Otherwise, I'd save the weight and expense.
 

giro5

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http://www.aircreationusa.com/linked/plans_nom_gb_racer_447_march_2003.pdf For anyone interested the drawings of an Aircreation Fun Racer trike shows the nose gear arrangement. I had one of these trikes and it was very stable on the ground. I tried to buy tis assembly from Aircreation but it is not currently available.. But notice it does have shocks on the front wheel.
 

Georgi

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Brian, remember that a Bensen-configuration gyro such as the 'Bee is really a cross between a tri-gear aircraft and a tailwheel aircraft. The mains aren't that much behind the CG and, as a result, the load on the nosewheel is light -- typically a few dozen pounds. The mains do most of the weight-bearing work. So a cushioned nosewheel is more of a luxury than a necessity... and it adds weight.

OTOH, a nosewheel that resist digging-in is a boon -- the usual tipover scenario in any tricycle-geared vehicle with one wheel in front is sideways-and-forward. Been there, done that, etc. Tires of larger diameter and width resist digging in better than teeny and/or skinny ones.

The only exception to my "who needs it" opinion is regarding long-travel mains. For example, a Butterfly has over a foot of main-gear travel, and was marketed to do aggressive "stop-and-drop" landings. Some of them have a fixed nosewheel, though, so, when you first touch down with the mains extended, the nosewheel is still a foot off the ground. This, in turn, forces the pilot to hold back stick as the gear settles in, lest the gyro tip forward and then over. But holding back stick in that situation also invites a tip-over if there's a cross-wind. So it's better with that kind of gear to have a long-travel nose-gear leg, IMHO.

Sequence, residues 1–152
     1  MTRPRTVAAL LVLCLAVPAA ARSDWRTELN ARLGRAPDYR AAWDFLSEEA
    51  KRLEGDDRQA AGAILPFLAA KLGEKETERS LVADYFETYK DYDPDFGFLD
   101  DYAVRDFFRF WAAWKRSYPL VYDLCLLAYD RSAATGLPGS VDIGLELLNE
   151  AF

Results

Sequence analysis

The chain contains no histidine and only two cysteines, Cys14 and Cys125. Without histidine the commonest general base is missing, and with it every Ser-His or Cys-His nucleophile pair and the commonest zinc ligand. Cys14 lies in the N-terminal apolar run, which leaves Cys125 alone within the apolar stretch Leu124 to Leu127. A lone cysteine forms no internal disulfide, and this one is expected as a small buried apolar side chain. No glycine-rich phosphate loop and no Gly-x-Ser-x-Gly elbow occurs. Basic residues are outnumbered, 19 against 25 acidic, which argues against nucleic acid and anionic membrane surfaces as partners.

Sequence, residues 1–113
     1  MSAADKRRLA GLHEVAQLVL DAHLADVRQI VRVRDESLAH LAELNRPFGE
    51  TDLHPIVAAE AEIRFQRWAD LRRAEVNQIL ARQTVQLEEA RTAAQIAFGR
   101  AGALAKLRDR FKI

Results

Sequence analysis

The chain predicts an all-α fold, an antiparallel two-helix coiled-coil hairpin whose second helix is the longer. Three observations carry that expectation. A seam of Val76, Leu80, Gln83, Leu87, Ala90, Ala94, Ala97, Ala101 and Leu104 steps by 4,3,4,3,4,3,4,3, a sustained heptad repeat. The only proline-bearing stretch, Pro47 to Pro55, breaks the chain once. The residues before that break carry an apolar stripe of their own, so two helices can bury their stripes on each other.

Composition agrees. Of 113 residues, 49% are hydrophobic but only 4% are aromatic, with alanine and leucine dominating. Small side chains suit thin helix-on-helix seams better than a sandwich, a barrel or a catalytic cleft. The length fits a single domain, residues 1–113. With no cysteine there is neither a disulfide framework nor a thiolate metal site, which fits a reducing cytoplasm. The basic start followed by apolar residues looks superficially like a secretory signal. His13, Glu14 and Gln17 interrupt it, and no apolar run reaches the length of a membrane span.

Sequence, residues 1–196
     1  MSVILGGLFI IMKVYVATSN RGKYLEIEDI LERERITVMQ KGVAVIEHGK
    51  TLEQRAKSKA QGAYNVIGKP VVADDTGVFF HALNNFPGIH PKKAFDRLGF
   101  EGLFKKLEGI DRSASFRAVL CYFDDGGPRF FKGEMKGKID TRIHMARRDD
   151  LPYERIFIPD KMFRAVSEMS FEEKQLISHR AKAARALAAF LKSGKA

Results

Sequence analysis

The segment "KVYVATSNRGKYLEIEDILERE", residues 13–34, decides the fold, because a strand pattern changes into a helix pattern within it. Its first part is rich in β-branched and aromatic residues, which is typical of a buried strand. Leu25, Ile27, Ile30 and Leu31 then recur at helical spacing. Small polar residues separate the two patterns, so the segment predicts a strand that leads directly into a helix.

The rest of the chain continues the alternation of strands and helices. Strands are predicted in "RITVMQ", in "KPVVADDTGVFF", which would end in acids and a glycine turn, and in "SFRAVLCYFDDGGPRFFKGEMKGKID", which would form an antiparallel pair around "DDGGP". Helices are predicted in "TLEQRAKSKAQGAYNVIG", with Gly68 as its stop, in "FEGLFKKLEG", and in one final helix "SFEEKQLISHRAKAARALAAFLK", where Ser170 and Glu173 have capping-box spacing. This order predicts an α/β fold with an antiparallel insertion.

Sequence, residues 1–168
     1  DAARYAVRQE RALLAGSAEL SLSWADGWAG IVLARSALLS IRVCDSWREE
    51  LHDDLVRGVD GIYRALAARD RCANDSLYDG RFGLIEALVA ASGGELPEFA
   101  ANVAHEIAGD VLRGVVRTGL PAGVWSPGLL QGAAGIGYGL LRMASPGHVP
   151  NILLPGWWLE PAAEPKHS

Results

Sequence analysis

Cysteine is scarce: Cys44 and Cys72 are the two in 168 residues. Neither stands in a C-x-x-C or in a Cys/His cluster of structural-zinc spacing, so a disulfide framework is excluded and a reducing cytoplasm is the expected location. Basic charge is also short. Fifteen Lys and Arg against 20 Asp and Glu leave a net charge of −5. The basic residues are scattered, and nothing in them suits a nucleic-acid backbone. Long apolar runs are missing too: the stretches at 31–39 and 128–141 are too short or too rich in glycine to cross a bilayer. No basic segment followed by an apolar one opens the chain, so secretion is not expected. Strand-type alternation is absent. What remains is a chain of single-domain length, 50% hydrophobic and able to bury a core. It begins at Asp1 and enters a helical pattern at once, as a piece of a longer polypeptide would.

Otherwise, I'd save the weight and expense.
Dough, has somebody tried ( on "pushers") some kind of tailwheel configuration with "smartly located" mains? Thanks,
P.S. Dough and Wolfi, I did not get any response to your questions from POLO Boris yet.
Busy or pissed at questioning his authority? Hope it is not the latter.
 

Doug Riley